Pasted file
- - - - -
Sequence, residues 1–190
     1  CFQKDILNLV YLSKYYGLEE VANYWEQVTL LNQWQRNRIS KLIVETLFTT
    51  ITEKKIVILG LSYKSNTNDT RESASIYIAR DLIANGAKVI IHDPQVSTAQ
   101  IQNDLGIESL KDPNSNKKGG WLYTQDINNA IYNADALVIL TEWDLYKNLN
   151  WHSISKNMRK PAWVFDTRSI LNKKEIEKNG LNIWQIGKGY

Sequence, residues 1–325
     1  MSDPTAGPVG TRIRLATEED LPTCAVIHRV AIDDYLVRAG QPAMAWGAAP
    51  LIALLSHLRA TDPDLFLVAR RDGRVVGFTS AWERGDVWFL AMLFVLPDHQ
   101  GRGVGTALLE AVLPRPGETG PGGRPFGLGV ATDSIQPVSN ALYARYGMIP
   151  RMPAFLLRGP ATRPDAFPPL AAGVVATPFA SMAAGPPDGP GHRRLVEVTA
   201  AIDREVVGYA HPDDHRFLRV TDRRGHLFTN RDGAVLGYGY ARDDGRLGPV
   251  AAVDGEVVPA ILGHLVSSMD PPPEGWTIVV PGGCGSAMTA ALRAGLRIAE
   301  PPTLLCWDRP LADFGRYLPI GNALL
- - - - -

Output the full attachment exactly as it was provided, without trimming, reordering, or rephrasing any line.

Sequence, residues 1–190
     1  CFQKDILNLV YLSKYYGLEE VANYWEQVTL LNQWQRNRIS KLIVETLFTT
    51  ITEKKIVILG LSYKSNTNDT RESASIYIAR DLIANGAKVI IHDPQVSTAQ
   101  IQNDLGIESL KDPNSNKKGG WLYTQDINNA IYNADALVIL TEWDLYKNLN
   151  WHSISKNMRK PAWVFDTRSI LNKKEIEKNG LNIWQIGKGY

Sequence, residues 1–325
     1  MSDPTAGPVG TRIRLATEED LPTCAVIHRV AIDDYLVRAG QPAMAWGAAP
    51  LIALLSHLRA TDPDLFLVAR RDGRVVGFTS AWERGDVWFL AMLFVLPDHQ
   101  GRGVGTALLE AVLPRPGETG PGGRPFGLGV ATDSIQPVSN ALYARYGMIP
   151  RMPAFLLRGP ATRPDAFPPL AAGVVATPFA SMAAGPPDGP GHRRLVEVTA
   201  AIDREVVGYA HPDDHRFLRV TDRRGHLFTN RDGAVLGYGY ARDDGRLGPV
   251  AAVDGEVVPA ILGHLVSSMD PPPEGWTIVV PGGCGSAMTA ALRAGLRIAE
   301  PPTLLCWDRP LADFGRYLPI GNALL